Accounts differ as to Liberation Theology’s promotion of both socio-political *and* violent activism or not, but this page, for instance, says that ‘Jesus was often portrayed as a revolutionary dressed in guerrilla fatigues and carrying a rifle’. Some New Testament quotes I’d seen as underpinning the movement made mention of swords, perhaps ‘swords of justice and truth’, so I don’t know, nor for the purpose of this post do I care much. The discussion would soon reach the place where someone would remind us of Angela Davis’s reductio ad absurdum assertion:
Yes, the Zapatistas did in fact create some major hell when NAFTA’s provisions began, and they made life untenable for the 99% in Chiapas. Their bit of hell was answered by a shock-and-awe response from the government, including bombing. When the Sandanistas overthrew the evil Samoza dynasty, yes, it would have been bloody. But when the CIA trained and the US funded the Contras (Iran-Contra here), well, there went the ballgame. And it kept going and going from Brazil to…in all likelihood, the coming election in Venezuela (Hugo, RIP). He mentions some of the graduates of the School of the Americas as the ‘intellectual authors’ of the killings of priests, brothers and sisters in Latin America.
A fifteen-month Guardian investigation on torture centers in Iraq led to the discovery that Colonel Jim Steele who trained the militias that tortured prisoners there, had gotten his start in El Salvador and Nicaragua as a Special Forces Commander in charge of training ‘counterinsurgency forces. David Petraeus was in close contact with him there and in Iraq, as well as a second commander, Col. James Cofman, who helped him set up a string of US-funded detention centers in which interrogators tortured detainees. Cofman reported directly to Petraeus in Iraq, to Rumsfeld in the States.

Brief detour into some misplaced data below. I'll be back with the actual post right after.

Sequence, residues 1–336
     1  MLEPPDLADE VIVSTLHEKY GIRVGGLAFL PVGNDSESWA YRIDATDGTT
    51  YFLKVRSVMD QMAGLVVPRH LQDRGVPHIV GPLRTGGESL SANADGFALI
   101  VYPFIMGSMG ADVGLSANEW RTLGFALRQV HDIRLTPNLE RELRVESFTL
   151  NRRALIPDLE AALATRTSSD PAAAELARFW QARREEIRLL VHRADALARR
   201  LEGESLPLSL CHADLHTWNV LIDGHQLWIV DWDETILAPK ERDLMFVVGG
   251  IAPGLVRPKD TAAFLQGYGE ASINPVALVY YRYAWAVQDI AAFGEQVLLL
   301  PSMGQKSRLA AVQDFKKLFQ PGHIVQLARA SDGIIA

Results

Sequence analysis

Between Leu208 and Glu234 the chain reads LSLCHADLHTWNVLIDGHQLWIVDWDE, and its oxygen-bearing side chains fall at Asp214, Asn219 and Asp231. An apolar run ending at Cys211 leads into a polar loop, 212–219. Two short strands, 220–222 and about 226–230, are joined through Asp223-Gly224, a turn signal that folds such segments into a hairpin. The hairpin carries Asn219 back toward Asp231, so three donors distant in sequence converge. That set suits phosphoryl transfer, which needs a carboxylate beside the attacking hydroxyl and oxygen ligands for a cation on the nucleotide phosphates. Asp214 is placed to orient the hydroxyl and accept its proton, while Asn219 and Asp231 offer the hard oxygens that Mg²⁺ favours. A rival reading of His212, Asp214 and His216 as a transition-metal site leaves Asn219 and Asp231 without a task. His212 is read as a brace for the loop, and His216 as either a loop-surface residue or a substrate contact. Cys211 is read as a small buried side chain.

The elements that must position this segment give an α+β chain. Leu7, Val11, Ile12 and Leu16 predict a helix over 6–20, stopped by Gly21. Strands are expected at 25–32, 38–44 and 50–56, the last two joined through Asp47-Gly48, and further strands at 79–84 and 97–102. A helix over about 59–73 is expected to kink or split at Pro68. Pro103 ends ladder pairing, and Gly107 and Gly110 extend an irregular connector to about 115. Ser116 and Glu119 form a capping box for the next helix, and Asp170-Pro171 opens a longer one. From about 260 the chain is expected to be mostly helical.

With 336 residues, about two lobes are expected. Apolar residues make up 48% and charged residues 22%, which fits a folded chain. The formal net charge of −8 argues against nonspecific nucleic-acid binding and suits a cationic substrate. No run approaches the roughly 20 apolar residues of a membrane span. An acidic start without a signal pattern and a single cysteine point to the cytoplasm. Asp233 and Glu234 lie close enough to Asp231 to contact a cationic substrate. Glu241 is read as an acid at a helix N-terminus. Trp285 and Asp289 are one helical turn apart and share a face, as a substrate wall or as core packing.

But back to Liberation Theology, and here we’re speaking not of Black or Feminist Liberation Theology, but that embraced by so many people in the global South.
From their several books on the movement, Leonardo Boff and Clodovis Boff:
How are we to be Christians in a world of destitution and injustice? There can be only one answer: we can be followers of Jesus and true Christians only by making common cause with the poor and working out the gospel of liberation… [snip]